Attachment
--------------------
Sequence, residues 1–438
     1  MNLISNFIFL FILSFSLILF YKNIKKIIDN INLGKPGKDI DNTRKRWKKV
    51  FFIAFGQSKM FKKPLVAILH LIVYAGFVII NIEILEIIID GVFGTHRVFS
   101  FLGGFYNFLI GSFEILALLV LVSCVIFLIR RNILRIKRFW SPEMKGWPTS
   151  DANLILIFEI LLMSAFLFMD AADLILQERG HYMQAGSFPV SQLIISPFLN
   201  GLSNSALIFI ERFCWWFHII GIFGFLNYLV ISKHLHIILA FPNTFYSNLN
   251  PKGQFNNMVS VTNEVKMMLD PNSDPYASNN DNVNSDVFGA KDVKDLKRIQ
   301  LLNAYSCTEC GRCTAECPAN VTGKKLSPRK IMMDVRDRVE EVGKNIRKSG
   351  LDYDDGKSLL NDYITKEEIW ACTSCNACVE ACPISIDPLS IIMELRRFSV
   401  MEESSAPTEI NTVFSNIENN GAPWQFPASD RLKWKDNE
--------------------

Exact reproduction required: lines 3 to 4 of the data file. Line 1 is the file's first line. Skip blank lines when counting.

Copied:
    51  FFIAFGQSKM FKKPLVAILH LIVYAGFVII NIEILEIIID GVFGTHRVFS
   101  FLGGFYNFLI GSFEILALLV LVSCVIFLIR RNILRIKRFW SPEMKGWPTS